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"Government does not solve problems; it subsidizes them."
Ronald Reagan

"Government's view of the economy could be summed up in a few short phrases: If it moves, tax it. If it keeps moving, regulate it. And if it stops moving, subsidize it. "
Ronald Reagan

"No government ever voluntarily reduces itself in size. Government programs, once launched, never disappear. Actually, a government bureau is the nearest thing to eternal life we'll ever see on this earth! "
Ronald Reagan

"There are no easy answers' but there are simple answers. We must have the courage to do what we know is morally right. "
Ronald Reagan

"To sit back hoping that someday, some way, someone will make things right is to go on feeding the crocodile, hoping he will eat you last - but eat you he will."
Ronald Reagan

IN THIS ISSUE

So long Mopar, the General,
and the American Way?
(cont) by Mark Neeley

I remember the hesitation of the U. S. Government to get involved, but eventually passing the Chrysler Loan Guarantee Act in 1980. Chrysler, led by Lee Iacocca, paid back its loan 7 years early in 1983. The following year, it had netted a 1.7 billion dollar profit in the second quarter, undoubtedly brought on by the innovative sell of new K-cars and its creation of the mini van. I remember the feeling that the U.S. Government had no business helping Chrysler, but Chrysler needed a loan to stay afloat. If Chrysler closed it doors it would leave only a big two. I also remember politicians assuring the American citizens that the government was not in the car business or any private business for that matter and that Chrysler would pay back the tax dollars with interest, which they did. Make no mistake, 1980 was not a bail out in the sense that we know it today. I remember Iacocca in television commercials that seemed like nearly a progress report to the American people of the New Chrysler Corporation’s activities. I remember rooting for them silently as Iacocca would tell of the new model line up. I say silently because we were a GM family, well mostly, one Ford Country Squire when I was a kid, but never a Chrysler product, but that all changed in the summer of 1982 when I bought my first real car… a 1969 Dodge Charger.

For $1000.00 I purchased a 68,000 mile, one family owned 383 H.P. (for high performance), Sunfire Yellow with rarely optioned black hood stripes and a black vinyl roof, complete with Cragar SS mags, soon to be American icon. It forever changed the way I felt about Chrysler. That particular car introduced me to the pre K-car Chrysler Corporation, the one that didn’t apologize for handing you second or third place at the nation’s ¼ mile or 500 mile racetracks. It also hadn’t hurt that I had been watching Bo and Luke tear up the back roads of Hazzard County U.S.A., in the General Lee since the late 1970s.

The whole premise in those days was of my fast awareness that Chrysler had been something great just a few years before when my high school Charger had been manufactured. They had been something other than my 1980 view of the recovering manufacturer who had fallen off the wagon. It was never the main stream company that GM or Ford was, but that was what was so cool about their recovery; they were the little guy of the big three. Today’s recent news that they were possibly going into liquidation brought together many thoughts I have had in the past months and full circle.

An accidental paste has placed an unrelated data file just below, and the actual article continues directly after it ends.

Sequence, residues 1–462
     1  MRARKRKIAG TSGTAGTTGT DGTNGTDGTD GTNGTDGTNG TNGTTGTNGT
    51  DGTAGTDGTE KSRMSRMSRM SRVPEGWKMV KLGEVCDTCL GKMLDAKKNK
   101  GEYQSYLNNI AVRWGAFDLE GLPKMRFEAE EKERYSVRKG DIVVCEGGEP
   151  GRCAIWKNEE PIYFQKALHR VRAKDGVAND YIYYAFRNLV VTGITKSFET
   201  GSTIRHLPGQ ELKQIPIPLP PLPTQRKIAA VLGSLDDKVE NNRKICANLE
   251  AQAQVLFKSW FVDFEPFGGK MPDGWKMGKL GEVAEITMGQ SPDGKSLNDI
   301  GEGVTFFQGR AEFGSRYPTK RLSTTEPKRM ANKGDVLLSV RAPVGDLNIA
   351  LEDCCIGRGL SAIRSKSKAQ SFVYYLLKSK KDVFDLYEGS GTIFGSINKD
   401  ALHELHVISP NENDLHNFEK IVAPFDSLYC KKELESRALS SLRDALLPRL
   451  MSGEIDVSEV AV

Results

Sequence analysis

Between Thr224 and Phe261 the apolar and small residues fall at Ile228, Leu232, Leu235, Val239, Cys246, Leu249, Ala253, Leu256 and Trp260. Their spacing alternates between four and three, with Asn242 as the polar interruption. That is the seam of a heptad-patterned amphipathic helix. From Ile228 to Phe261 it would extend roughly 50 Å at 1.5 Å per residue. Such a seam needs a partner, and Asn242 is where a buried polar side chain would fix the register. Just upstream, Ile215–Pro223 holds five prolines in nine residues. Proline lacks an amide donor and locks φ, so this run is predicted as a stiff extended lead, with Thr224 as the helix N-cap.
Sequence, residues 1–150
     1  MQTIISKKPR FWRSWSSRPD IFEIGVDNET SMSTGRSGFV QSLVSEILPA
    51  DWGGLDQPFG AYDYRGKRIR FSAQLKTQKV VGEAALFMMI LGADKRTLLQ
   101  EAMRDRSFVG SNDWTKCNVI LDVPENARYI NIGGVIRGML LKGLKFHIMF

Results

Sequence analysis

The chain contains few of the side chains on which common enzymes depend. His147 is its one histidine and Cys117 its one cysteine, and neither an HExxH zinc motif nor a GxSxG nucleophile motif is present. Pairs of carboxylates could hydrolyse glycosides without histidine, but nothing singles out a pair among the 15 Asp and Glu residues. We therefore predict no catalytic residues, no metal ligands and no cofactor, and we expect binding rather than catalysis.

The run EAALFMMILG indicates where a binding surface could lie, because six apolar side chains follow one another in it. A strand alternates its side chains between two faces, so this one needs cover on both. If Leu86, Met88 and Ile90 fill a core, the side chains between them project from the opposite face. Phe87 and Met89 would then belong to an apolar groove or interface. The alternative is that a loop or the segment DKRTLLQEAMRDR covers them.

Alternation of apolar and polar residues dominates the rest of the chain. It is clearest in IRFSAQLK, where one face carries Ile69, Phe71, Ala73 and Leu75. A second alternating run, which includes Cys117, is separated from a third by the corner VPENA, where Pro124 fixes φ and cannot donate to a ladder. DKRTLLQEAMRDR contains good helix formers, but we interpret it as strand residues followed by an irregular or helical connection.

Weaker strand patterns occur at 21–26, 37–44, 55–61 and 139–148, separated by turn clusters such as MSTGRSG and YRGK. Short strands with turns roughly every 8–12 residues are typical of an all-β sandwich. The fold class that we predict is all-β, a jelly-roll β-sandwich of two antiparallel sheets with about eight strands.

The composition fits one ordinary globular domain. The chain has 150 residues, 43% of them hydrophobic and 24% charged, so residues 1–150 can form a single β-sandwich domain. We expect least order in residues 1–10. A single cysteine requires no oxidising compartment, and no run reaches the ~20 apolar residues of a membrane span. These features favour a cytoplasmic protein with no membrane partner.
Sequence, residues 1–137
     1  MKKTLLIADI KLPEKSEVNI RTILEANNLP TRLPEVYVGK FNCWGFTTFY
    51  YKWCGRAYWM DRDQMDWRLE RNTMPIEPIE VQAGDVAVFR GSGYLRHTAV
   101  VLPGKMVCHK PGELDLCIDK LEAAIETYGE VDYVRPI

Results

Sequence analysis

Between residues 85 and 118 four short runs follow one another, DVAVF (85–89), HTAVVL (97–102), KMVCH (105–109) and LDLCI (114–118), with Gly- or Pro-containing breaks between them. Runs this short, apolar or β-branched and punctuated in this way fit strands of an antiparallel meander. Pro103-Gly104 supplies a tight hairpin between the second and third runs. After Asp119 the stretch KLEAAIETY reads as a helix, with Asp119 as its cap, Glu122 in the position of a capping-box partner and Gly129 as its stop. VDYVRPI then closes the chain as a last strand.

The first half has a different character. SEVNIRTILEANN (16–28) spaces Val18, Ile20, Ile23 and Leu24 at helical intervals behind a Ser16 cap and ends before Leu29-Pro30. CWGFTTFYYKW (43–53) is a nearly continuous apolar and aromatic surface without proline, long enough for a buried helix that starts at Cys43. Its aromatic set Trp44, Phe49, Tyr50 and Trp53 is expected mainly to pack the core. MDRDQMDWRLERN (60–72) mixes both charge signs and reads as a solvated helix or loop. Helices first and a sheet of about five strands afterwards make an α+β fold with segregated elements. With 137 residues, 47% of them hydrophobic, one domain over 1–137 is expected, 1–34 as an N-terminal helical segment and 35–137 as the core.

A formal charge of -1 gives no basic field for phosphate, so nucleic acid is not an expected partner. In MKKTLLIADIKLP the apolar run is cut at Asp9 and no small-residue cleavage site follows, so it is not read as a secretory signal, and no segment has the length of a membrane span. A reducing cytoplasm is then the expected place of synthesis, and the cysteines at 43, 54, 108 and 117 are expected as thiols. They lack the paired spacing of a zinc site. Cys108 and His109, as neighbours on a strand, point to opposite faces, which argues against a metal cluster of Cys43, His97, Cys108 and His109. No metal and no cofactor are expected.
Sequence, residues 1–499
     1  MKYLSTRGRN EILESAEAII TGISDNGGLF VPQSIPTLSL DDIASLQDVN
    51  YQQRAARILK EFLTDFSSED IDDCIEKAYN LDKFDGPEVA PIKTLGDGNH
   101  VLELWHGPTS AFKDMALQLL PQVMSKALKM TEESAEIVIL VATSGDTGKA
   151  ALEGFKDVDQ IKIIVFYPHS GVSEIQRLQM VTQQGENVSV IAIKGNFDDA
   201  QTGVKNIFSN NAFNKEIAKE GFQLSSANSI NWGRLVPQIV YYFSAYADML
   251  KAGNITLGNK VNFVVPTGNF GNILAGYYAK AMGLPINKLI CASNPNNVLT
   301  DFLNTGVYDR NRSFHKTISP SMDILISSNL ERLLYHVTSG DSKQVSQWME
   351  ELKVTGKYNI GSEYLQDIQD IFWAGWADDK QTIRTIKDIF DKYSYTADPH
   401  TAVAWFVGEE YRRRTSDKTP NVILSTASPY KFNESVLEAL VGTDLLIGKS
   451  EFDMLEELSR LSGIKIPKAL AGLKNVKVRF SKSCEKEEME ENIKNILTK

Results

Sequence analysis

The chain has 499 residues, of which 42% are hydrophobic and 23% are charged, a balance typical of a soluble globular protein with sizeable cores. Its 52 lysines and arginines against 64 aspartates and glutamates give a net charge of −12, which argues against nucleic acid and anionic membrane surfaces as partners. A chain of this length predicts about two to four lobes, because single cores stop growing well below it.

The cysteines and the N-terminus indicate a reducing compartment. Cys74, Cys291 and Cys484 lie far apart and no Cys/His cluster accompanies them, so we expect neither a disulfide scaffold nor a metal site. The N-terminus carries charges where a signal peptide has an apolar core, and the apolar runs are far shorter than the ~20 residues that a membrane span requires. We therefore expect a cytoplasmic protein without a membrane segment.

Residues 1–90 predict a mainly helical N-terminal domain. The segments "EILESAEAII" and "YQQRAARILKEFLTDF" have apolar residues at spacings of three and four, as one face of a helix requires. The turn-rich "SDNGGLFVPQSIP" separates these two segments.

It hit me one day when we were working on a particular GE desk fan from the teens that had an assembly man’s initial and date inside it that was from nearly 100 years ago. I thought about the quality of the product that was sitting before me and I thought about manufacturing nearly being extinct now in America. If we loose Chrysler and G.M. what is that saying about America? Am I among the generations that will drive this country into a second or third rate existence in manufacturing, engineering, and innovativeness? Am I among the generations that will abandoned the U.S. that we knew and sit silently while socialist and communist ideas replace all that we know and love.

The manufacturers that built the economic power house that is the United States taught the world how to manufacture, engineer and innovate. We are the leaders. No one should outclass us. The perspective I get daily from owning a business that rebuilds machines that were built so well that they can be rebuilt 70 to 100 years later is a living testament to what America was. It’s a reality that keeps you highly aware of our past manufacturing achievements in this country. In those days, we manufactured everything here. We won two World Wars because of our manufacturing capabilities and the dogged determination of our men and women in uniform and at home to get the job done. Visit any local cemetery in this great country and you will see the generations that sacrificed to give us what we have today in this country. What are we doing in return for those who sacrificed so much? Freedom has a steep price people. In both World War cases, our ability to out manufacturer our enemies have allowed us to pay the price that freedom demands.

If we loose our self reliance on in house manufacturing, we have effectively lost our ability to cash the freedom check when we need it. Could we fight another foe such as that which we faced in a well equipped Nazi Germany and do so without the capability to manufacture in house? Can we risk that today?

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